• Easy application of fare structures: When a rider uses the same bank card or mobile wallet for every ride, fare capping and other fare structures can be applied just like they are with a smart card. This means riders can be assured they are paying the lowest fares for their rides.  
  • Real-time monitoring: Genfare Link, the software that supports open payment, is connected to the cloud, allowing for regular updates and security patches to be applied. Data is also connected continuously, so you can see irregularities or discrepancies on a route instantly and react accordingly. Genfare Link uses a buses’ existing Wi-Fi router or CAD/AVL connectivity to transmit data in real time. 
  • Reduced driver interaction: Open payment systems require just a tap or scan and communicate acceptance of payment with their displays and sounds, letting the driver focus on driving and not assisting passengers with paying their fares. The only time the driver may need to press a button with open payment is for the approval of student, senior, or other discounted fares.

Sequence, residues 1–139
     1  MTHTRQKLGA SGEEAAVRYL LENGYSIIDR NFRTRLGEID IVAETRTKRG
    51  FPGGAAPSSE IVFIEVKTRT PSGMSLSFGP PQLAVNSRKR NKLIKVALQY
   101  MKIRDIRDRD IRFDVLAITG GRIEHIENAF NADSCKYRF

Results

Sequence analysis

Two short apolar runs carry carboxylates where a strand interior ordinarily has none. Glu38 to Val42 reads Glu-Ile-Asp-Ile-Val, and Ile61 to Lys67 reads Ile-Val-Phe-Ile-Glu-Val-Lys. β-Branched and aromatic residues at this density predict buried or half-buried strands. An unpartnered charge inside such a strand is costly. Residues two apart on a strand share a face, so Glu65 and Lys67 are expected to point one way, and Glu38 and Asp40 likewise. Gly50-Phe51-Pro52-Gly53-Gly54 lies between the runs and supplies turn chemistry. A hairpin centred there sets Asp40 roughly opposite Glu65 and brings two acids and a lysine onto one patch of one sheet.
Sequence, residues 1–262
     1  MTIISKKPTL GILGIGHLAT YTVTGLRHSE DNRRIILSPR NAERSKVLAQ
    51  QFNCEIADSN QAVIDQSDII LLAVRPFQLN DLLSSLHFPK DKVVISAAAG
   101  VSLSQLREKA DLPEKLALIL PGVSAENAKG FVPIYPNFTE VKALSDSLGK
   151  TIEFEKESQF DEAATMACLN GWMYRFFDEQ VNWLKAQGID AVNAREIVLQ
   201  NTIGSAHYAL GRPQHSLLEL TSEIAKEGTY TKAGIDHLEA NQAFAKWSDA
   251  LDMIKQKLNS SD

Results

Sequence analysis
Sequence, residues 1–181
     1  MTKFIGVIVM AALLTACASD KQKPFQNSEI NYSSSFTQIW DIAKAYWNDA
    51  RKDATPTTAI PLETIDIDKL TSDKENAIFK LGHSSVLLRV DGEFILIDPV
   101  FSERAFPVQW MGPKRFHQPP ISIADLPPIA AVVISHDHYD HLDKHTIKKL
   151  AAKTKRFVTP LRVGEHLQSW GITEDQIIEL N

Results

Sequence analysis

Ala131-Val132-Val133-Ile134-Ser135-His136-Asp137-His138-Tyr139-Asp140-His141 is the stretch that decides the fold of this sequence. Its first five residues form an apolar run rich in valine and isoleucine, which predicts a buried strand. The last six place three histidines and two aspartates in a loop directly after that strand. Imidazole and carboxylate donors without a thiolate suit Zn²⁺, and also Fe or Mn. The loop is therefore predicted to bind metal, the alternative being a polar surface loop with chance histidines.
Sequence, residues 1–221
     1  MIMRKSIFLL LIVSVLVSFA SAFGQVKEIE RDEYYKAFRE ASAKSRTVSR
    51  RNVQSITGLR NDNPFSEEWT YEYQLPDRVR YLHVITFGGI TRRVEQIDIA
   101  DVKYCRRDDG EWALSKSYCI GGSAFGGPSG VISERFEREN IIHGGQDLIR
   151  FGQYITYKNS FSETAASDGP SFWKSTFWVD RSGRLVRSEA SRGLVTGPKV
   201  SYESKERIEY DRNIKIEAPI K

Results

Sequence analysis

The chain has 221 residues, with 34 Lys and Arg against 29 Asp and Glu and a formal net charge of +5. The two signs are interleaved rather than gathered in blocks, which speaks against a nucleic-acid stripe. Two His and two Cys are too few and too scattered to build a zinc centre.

Adopting open payment technology is easier (and less costly) than you think 

If your existing fare collection solution is nearing the end of its life, it just makes sense to include open payment technology when you replace it. But if you still have years left on your current fareboxes, you have options: 

Existing Genfare Fast Fare Fareboxes can be upgraded to accept open payments by adding a kit. If you have a legacy Genfare farebox and are not ready to invest in Fast Fares, an Open Link Validator can be mounted to a stanchion or pole and connected to the farebox.  

Genfare Link, the software at the hub of the latest Genfare solutions, also allows for greater interoperability. Genfare Link can be configured to work with Mobile Link or third-party mobile ticketing apps, GenPay or other payment processing platforms, first-mile/last-mile apps such as bike and scooter share vendors, and other partners. 

To learn more about how your transit agency can adopt open payment for fare collection, read our white paper or contact your region’s Business Development Director: